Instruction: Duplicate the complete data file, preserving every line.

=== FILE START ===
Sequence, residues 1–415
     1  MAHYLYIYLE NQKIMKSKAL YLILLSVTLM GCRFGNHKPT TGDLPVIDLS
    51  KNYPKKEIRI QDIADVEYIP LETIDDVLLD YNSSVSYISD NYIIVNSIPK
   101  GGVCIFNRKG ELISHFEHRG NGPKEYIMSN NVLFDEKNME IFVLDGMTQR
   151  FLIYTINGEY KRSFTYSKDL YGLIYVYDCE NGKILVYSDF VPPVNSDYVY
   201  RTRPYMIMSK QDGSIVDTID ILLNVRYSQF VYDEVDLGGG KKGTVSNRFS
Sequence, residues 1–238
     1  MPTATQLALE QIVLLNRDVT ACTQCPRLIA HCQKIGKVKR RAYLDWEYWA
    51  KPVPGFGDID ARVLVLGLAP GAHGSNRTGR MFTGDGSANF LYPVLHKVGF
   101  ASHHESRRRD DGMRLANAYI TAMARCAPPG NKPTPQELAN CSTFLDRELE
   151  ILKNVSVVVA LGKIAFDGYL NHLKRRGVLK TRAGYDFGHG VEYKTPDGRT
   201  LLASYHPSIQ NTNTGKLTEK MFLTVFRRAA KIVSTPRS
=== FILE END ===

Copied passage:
Sequence, residues 1–415
     1  MAHYLYIYLE NQKIMKSKAL YLILLSVTLM GCRFGNHKPT TGDLPVIDLS
    51  KNYPKKEIRI QDIADVEYIP LETIDDVLLD YNSSVSYISD NYIIVNSIPK
   101  GGVCIFNRKG ELISHFEHRG NGPKEYIMSN NVLFDEKNME IFVLDGMTQR
   151  FLIYTINGEY KRSFTYSKDL YGLIYVYDCE NGKILVYSDF VPPVNSDYVY
   201  RTRPYMIMSK QDGSIVDTID ILLNVRYSQF VYDEVDLGGG KKGTVSNRFS
Sequence, residues 1–238
     1  MPTATQLALE QIVLLNRDVT ACTQCPRLIA HCQKIGKVKR RAYLDWEYWA
    51  KPVPGFGDID ARVLVLGLAP GAHGSNRTGR MFTGDGSANF LYPVLHKVGF
   101  ASHHESRRRD DGMRLANAYI TAMARCAPPG NKPTPQELAN CSTFLDRELE
   151  ILKNVSVVVA LGKIAFDGYL NHLKRRGVLK TRAGYDFGHG VEYKTPDGRT
   201  LLASYHPSIQ NTNTGKLTEK MFLTVFRRAA KIVSTPRS